AUSTRALIA—Kathleen Violet McMillan was born in the farming region of Kyogle, New South Wales, on Jan. 15, 1942, when the world was at war. Both of her parents had farming backgrounds, and her father provided for his young family by working in the farming industry and doing handyman jobs in the local area. She had one older brother (now deceased) and three younger sisters (one deceased). Tragedy struck early when Kathy’s mother abandoned her family in early 1947, taking the youngest child with her. Kathy’s father, who had grown up during the depression as the eldest of 12 siblings, moved his small family out of Kyogle and took work where he could find it. They first moved to the Casino district and then down and around the beachside community of Byron Bay. Kathy spent her primary school years in small country towns, only finishing one year of high school in Casino at a church school. By the age of fourteen, her formal schooling was complete.
She worked in Lismore, New South Wales, as a ‘live-in’ nanny for a time, then moved to Coolangatta, where she worked as a waitress in a guest house. She attended her first dance night in Lismore on the April 20, 1957, where she met her future husband, Ray Webb. It was her first dating experience, being only fifteen.
She recalled that “Ray said he found himself attracted to my smile.” She and Ray dated for a couple of years and were married on the May 2, 1959, “a beautiful, sunny day.”
Although their first home was in Kingscliff, New South Wales, Ray’s career in the Royal Australian Air Force took them to various locations on Australia’s east coast and around the world to Malaysia, the United States, Mexico and Fiji. Together they had three daughters, all born in Queensland, Australia. After their children moved out of the house, the couple started a financial planning and general insurance business, with Kathy working as Ray’s office assistant and then office manager for 45 years.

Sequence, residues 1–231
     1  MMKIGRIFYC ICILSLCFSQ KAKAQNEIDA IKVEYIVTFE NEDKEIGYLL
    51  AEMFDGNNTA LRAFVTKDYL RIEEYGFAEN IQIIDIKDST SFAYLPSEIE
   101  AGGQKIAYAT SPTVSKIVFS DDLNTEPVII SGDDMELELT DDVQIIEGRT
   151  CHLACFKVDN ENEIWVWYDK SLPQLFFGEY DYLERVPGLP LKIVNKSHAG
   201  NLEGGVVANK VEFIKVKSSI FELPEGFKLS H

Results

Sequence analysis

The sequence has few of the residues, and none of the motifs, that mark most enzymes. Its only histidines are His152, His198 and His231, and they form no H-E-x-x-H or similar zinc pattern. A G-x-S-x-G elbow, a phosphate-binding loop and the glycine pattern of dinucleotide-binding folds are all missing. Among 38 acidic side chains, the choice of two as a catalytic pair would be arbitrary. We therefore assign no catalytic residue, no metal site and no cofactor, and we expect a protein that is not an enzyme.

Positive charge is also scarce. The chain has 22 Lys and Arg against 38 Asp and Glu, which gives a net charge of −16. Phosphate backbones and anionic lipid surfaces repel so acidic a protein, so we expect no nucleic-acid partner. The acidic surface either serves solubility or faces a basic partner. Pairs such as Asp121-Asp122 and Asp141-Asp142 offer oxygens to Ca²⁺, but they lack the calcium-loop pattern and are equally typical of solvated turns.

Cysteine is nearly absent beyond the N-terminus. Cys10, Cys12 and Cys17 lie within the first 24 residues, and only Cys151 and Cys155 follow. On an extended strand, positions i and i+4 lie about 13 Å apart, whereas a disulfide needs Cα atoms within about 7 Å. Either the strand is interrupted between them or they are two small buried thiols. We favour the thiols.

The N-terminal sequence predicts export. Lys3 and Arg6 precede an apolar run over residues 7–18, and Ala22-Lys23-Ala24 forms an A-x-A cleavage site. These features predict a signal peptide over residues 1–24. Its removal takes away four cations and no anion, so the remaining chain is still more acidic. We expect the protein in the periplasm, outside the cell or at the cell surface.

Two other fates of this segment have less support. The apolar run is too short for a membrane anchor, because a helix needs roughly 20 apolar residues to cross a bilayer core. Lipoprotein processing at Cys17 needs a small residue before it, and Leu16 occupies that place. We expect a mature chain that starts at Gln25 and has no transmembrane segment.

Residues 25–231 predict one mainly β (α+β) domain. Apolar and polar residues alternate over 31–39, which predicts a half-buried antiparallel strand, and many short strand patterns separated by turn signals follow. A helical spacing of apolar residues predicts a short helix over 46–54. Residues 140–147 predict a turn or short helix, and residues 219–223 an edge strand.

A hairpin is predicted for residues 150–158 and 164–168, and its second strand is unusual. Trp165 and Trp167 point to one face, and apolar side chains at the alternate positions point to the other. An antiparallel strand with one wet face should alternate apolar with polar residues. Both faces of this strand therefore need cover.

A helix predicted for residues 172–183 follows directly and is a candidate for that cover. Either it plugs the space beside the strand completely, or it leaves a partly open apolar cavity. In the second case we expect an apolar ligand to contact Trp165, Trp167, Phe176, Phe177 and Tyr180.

She said, “I really enjoyed the work. It was very satisfying.”
After her mother’s abrupt departure, Kathy’s family never knew if they would ever see or hear from her again, but in 1973 her mother contacted the family. They were able to meet up, but Kathy’s mother had a whole new family, including three sons, and wanted nothing more to do with her first family. Kathy’s youngest sister had been adopted out after her mother’s departure, and all trace of her had been lost. Her father had the name of the family who adopted his youngest daughter and gave it to Kathy to help her in her search. Kathy discovered that her sister was living in the United States. The adoptive parents had died by this point, so they searched the funeral registry to pinpoint a tangible connection. Kathy located her sister’s ex-husband, and the sisters were able to reconnect in an emotional phone call in 1989. It was a precious reunion after such a wrenching separation. The sisters continue to be in contact to this day.
Throughout her lifetime, Kathy had been exposed to the religions of Catholics, Baptists, Pentecostals and Mormons. This had created more questions in her mind than answers. In 2006, Ray came across a TV program called The Key of David. The program caught Kathy’s attention, answering many of the questions she had. They had been watching a program by another Worldwide Church of God splinter group, supposing the shows were from the same organization. God worked it out to where their first contact was made with the Philadelphia Church of God rather than the other group. In March of 2008, she and her husband were baptised into the Church of God.
Kathy said that she had been experiencing “bouts of depression, confusion and hopelessness” during the latter years of her life, but since her conversion those feelings and emotions had lifted. “My faith, gifted graciously by God, has now given me an understanding of my purpose in life and therefore the joy of being a part of God’s true Church.”
Although she is struggling with long term health issues, she continues to be an active and engaged member in the Brisbane, Australia, congregation. She can most often be found moving about the congregation on the Sabbath in conversation with her spiritual family. She has eight grandchildren and 12 great-grandchildren.